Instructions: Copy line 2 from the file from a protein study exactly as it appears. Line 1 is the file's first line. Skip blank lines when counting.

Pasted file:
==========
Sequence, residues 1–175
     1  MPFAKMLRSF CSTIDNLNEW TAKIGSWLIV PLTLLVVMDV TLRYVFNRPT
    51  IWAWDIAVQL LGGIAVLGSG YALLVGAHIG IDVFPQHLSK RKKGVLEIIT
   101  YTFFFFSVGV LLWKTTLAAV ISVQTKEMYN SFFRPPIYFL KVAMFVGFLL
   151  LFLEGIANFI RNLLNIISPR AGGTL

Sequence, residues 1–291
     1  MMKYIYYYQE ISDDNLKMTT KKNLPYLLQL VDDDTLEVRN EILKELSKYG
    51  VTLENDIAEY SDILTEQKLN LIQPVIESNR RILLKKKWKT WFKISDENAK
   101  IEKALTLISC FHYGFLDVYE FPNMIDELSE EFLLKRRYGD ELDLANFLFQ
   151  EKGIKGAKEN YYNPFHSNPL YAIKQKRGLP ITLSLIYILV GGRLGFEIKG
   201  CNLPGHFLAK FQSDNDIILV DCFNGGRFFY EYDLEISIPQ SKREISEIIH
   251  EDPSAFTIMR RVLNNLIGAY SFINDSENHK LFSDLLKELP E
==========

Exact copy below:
     1  MPFAKMLRSF CSTIDNLNEW TAKIGSWLIV PLTLLVVMDV TLRYVFNRPT